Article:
JOHN OSTRANDER: Casablanca At 70 – We’ll Always Have Paris
AS I SAID LAST WEEK AND THE WEEK BEFORE – WARNING: I’m assuming that people reading this have seen the movie and thus will be fine with my discussing elements of the plot. If you’re one of those who haven’t watched the movie, do yourself a favor and DON’T READ THIS. See the movie instead and have your own experience with it. Trust me. You’ll be glad you did. If you need a plot synopsis, imdb has a good one here.
Last time we met we were examining the film Casablanca, looking at it through story structure. I want to continue with that this week, working with the climax and the coda.
The climax of a story is the scene beyond which you can’t imagine any other. It resolves all major conflicts (although some minor ones can be reconciled in the coda, which is the last scene of the story). So… is the climax in Casablanca when Ilsa goes away with her husband? It would seem so, wouldn’t it? That’s the major question that’s been driving the film.
I’d like to offer an alternative answer by first asking a question – whose story is it? Who is the protagonist, the central character by whom and by whose actions the rest of the story is driven? It’s Rick’s, both by his refusal to help earlier in the film and by his actions as we race towards the climax.
For me, the real story isn’t Rick and Ilsa although it is an important, vital element in the story. Rick is emotionally dead at the start of the film; he doesn’t care about anyone or anything. Burned, scarred emotionally, he’s closed off from caring about anyone or any cause again. The most alive we see him is in the Paris flashbacks, in love, knowing the Gestapo will come looking for him when the Germans march into the city.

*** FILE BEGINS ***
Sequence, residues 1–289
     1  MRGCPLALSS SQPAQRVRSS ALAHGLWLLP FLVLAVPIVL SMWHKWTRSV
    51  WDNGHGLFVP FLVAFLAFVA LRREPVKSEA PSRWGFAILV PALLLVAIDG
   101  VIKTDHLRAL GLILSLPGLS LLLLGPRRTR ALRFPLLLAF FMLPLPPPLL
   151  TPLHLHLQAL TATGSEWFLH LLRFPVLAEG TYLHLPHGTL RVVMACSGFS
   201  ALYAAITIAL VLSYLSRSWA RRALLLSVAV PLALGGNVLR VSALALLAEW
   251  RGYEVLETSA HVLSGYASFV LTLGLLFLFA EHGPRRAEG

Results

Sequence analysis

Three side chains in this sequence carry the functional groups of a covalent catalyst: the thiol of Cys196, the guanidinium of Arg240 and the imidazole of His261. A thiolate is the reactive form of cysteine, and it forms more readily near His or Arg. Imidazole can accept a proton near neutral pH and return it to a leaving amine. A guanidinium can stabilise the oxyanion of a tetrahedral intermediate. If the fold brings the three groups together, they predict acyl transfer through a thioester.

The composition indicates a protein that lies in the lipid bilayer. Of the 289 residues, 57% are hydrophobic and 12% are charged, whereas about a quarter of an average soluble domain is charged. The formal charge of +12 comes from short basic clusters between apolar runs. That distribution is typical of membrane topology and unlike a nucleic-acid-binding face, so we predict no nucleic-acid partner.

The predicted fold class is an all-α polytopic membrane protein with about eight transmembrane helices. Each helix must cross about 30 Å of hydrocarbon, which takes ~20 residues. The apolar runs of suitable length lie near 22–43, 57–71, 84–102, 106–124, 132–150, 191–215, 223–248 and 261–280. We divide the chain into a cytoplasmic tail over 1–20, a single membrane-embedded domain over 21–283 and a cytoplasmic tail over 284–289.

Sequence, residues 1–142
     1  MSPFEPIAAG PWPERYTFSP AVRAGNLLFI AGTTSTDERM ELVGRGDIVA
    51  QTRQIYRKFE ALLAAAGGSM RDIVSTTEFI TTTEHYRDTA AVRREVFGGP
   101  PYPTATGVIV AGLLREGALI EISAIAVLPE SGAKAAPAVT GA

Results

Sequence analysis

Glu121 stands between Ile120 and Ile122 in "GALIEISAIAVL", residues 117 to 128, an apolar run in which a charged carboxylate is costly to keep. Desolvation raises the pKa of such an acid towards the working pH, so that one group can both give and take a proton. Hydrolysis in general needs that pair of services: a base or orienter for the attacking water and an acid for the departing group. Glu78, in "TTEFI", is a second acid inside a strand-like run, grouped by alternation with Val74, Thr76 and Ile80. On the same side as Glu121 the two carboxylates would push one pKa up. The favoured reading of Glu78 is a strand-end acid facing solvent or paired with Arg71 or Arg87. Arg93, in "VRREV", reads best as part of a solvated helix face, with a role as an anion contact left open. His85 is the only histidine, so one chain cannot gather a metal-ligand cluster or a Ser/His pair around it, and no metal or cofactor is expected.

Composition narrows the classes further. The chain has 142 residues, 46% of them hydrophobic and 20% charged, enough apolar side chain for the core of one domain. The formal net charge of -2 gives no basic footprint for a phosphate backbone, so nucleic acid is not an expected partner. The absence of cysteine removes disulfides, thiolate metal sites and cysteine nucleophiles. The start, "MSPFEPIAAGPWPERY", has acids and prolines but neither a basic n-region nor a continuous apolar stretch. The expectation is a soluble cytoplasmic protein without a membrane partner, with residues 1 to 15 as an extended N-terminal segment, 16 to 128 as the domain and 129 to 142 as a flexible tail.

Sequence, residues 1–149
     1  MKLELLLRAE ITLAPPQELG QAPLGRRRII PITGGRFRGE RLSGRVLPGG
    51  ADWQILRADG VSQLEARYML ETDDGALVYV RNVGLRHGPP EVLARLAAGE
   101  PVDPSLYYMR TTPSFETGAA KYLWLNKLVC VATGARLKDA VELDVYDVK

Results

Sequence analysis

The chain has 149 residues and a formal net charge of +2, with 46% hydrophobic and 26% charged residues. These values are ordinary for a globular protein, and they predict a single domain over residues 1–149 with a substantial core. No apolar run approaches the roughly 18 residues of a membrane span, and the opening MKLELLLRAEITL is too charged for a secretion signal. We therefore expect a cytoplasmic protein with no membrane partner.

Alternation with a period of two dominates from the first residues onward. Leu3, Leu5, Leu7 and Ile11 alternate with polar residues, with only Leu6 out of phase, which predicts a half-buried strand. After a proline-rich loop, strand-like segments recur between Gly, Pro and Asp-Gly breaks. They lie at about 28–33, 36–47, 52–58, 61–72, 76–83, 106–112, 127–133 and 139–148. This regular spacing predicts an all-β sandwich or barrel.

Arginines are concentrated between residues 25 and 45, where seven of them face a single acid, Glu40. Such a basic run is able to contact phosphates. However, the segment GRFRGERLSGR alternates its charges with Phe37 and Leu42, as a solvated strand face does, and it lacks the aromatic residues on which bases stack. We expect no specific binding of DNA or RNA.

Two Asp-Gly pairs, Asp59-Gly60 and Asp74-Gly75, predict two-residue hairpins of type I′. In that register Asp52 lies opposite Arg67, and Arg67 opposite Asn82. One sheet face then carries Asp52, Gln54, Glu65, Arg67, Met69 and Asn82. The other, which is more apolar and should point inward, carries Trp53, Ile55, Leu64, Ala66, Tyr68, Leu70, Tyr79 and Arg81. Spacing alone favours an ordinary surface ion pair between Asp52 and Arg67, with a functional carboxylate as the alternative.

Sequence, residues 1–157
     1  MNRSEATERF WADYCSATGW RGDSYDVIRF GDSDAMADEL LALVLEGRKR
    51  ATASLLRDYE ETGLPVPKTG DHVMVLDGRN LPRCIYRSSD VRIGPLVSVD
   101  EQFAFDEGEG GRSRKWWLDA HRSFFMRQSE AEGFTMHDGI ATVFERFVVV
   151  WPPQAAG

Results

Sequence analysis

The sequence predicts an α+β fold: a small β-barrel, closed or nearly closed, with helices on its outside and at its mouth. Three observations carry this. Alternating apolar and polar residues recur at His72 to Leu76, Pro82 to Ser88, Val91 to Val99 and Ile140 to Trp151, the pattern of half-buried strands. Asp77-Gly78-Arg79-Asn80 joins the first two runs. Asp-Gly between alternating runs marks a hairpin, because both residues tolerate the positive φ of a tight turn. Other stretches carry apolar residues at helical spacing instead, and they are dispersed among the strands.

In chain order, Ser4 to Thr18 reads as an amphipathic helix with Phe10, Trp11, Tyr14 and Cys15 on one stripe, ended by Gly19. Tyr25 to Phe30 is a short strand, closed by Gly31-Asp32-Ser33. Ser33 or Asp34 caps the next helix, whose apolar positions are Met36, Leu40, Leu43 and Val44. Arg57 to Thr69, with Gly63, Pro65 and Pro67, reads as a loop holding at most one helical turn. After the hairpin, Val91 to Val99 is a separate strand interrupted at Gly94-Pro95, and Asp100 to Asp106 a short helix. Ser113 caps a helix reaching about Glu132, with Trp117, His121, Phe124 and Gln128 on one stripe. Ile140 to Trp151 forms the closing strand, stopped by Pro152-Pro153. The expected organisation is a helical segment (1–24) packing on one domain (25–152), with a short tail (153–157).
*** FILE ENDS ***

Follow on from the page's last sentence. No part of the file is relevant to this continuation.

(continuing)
Paris is the symbol of life, of Rick being fully alive. Ilsa tells Rick about halfway through the film that she can’t explain what happened to him; the Rick she knew in Paris would understand but not the Rick that he has become. Late in the movie, Paris comes up again – Rick tells Ilsa that now, as a result of everything that has happened in the movie, they’ll always have Paris. He didn’t have it – he was dead – until she came to Casablanca but now they both will. He’s alive again.
The climax of Casablanca is when Rick shoots Strasser, knowing what the consequences will be for him and willing to pay the price. It’s the only way he can be sure that Ilsa will escape. He escapes his fate only because Captain Renaud, the corrupt French official who is also his friend, covers for him with “Round up the usual suspects.”
The coda is all about the final image and/or line; it’s what you want the audience to have in their minds as they leave. Casablanca has one of the best I’ve seen in films. Rick and Renaud, walking side by side away from us, through rain puddles, towards a life with the Resistance. The tag line, “Louis, I think this is the beginning of a beautiful friendship” is simply one of most memorable lines in all of cinema. It’s all the more amazing when you discover that it was added at the last moment, dubbed by Bogart after filming was completed. What an indelible final image!
Serendipity played more than a small part in making Casablanca the classic that it is. We’ll talk more about that next time.
MONDAY: Mindy Newell, R.N., CNOR, C.G.